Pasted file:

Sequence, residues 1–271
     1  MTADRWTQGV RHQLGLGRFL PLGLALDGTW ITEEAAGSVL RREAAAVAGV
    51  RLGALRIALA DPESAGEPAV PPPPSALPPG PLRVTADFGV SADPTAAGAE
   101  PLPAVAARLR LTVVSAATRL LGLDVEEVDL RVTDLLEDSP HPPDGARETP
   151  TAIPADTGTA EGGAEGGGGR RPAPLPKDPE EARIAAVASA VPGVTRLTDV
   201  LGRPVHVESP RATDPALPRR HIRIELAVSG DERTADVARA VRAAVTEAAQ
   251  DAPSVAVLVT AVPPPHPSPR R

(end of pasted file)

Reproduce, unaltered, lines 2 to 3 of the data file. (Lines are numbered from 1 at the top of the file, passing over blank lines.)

     1  MTADRWTQGV RHQLGLGRFL PLGLALDGTW ITEEAAGSVL RREAAAVAGV
    51  RLGALRIALA DPESAGEPAV PPPPSALPPG PLRVTADFGV SADPTAAGAE